My manufacturer did take the heat and offered to replace the units. But the damage was very severe. Shipping was costly, vendor orders shrunk significantly, and Amazon reviews were at one star. This Amazon effect crushed my direct sales as it was #2 on any search of Joker Greeting; a glaring 1 star. The party was definitely over. This was late 2016.
Above all, I tried very hard to be patient with every single customer. I begged for a second chance and sent them free cards when I got new ones. I cut prices with some vendors to try and keep the relationship and keep them happy. And I had to fix my Amazon rating; I stopped selling that card and made sure no one else was selling that SKU on Amazon. I designed a new card and color and relaunched a new SKU on Amazon. On top of this, I had to get more reviews on Facebook and Google but I had to wait for all my defects and angry customers to stop complaining.
Once I was able to fix my cards I was able to turn on a customer rating feedback and with 237 reviews were have 4.5 stars. Super happy about this!
Other obstacles in comparison to this are small. Personal life and family (I have a wife and two kids now) is always a challenge but I don’t think it’s any more difficult than a normal job. It’s just different challenges.
I stink at blogging and writing and creating daily content. I can’t Instagram or tweet very well at all. It’s just not interesting at all. I do it but I don’t think I am great at doing it. I do pay for help with writing blog posts. Blogs really do help and I wish I were better at it. I love being involved with my content but I know my limits.
Joker Greeting is small brand and so many vendors just don’t think I can sell units. Or they worry their customers won’t get the joke or that it’s too rude and no one will buy them. Being small has other advantages but when trying to work with vendors it’s often not helpful.
The biggest mistake was pushing other non-traditional ideas too quickly. I knew that Birthday and Christmas cards were selling really well. I should have really focused on those two a lot more rather than pushing my Baby Card, and I’m Sorry, and other cards that sell less often. I ended up with too many units sitting on the shelf and not enough of the units I sell through.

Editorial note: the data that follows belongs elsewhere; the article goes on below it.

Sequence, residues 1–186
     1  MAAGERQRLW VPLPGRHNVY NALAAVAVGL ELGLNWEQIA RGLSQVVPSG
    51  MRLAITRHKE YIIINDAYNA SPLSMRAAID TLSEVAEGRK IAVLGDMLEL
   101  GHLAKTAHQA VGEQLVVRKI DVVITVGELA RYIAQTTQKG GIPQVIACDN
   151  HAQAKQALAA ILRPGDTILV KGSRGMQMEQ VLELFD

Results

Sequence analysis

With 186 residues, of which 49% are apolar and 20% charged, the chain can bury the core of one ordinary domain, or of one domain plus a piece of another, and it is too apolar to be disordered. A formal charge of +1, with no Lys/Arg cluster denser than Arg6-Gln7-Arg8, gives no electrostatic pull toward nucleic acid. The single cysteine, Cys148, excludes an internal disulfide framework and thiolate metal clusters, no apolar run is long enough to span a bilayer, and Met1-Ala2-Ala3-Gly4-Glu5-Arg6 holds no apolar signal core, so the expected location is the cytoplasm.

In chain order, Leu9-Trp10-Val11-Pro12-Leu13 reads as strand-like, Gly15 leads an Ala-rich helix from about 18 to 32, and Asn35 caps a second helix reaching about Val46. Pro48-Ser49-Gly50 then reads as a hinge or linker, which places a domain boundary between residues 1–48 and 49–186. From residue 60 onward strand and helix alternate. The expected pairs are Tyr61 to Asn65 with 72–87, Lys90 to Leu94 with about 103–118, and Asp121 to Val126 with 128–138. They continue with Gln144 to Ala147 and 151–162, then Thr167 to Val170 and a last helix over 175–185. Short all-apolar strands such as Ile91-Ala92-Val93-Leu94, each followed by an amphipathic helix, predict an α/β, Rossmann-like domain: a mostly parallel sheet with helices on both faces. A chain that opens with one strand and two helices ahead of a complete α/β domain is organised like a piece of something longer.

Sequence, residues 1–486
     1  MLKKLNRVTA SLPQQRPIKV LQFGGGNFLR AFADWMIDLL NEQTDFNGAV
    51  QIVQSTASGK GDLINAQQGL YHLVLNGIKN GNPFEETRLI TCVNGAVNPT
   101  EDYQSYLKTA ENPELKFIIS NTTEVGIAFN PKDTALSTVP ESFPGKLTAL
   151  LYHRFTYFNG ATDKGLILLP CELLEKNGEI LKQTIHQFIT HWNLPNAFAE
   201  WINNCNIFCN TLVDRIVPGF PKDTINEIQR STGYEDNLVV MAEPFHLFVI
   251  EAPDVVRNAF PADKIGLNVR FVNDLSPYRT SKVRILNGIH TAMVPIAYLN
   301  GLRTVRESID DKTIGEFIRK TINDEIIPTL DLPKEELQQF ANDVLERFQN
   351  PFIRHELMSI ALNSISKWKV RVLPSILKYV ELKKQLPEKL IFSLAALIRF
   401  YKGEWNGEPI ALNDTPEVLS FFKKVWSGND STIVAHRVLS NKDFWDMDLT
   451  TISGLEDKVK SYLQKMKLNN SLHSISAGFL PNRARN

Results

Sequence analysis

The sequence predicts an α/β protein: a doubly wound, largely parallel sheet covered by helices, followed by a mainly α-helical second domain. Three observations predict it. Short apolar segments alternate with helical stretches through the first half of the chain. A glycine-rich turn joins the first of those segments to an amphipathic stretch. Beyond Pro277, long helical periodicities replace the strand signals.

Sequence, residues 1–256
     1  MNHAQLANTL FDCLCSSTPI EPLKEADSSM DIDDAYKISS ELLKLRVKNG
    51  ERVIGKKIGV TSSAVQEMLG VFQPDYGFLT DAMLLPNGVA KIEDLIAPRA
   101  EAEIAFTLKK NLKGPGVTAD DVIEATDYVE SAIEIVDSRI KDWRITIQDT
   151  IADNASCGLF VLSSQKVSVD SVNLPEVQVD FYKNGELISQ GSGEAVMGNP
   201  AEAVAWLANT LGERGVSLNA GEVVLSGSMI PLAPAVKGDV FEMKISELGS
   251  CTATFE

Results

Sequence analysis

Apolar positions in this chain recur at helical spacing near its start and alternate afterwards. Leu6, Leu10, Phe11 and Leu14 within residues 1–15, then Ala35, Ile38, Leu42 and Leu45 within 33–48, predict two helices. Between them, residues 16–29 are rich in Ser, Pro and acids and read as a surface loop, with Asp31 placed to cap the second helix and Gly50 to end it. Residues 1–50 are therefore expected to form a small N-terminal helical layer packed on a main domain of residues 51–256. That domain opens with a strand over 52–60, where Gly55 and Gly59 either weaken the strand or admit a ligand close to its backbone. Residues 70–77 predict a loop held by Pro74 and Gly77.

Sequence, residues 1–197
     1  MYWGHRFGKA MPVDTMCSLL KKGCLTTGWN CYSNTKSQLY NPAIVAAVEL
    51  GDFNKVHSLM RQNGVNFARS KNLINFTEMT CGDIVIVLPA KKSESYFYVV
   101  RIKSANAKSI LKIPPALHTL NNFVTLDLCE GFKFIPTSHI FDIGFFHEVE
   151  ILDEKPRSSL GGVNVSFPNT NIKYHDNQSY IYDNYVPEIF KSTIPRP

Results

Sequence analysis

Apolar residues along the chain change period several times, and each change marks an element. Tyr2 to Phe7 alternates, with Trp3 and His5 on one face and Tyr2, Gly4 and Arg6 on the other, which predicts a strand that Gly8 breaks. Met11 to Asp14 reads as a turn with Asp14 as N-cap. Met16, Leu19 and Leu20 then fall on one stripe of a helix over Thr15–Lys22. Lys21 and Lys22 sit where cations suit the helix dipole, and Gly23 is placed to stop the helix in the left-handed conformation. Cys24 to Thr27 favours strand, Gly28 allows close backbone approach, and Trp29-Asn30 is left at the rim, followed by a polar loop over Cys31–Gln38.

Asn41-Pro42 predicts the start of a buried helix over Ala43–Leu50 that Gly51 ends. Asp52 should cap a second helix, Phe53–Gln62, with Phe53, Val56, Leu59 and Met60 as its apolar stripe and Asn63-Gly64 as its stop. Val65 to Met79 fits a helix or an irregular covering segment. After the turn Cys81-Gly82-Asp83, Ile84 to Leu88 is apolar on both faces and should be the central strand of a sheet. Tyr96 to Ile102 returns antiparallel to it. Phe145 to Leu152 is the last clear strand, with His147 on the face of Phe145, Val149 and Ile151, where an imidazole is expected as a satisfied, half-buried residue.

I am not a regretful person when it comes to business. Things happen and I choose to move onward. Challenges and obstacles, I didn’t see before were necessary to learn so I don’t think I would change anything. I enjoy my job and for whatever reason, I get up every day and work in my office all day and I don’t take as many breaks as I should. It’s fun and I enjoy it.
Many startups are fearful about talking about their idea as if it will magically work in someone else’s hands better than yours. And quite frankly, if that is true, then you probably shouldn’t be doing it. Be more open to ideas and don’t worry about competition as much as you do. Tell more people than you normally would and doors will open.
Books are very inspiring. Creativity Inc, by Ed Catmull explains the great way in which Pixar was built. I think this book taught me not to control the process but have the process (and people) speak up. Listen to them. And hire people better than you.
I just finished Principles by Ray Dalio. A very deep dive into employee management. An absolute stunner beginning to end. It’s almost more of a textbook than others.
The Hard Thing about Hard Things by Ben Horowitz is a must read to scare anyone straight who thinks startup life will be fun. Lots of people tell me I am living the dream. I guess, if living the dream owning up to all the problems and taking all the risk.
Thinking, Fast and Slow by Daniel Kahneman is amazing. This helped me deal with customers better and think about my copy on the website and emails. I can’t recommend this book enough but you definitely need to be willing to get science. A lot of these concepts are also covered by Ray Dalio.
I encourage anyone to learn more at our website, and say hi or buy a card. I really do like helping anyone who might have questions. So just ask them below!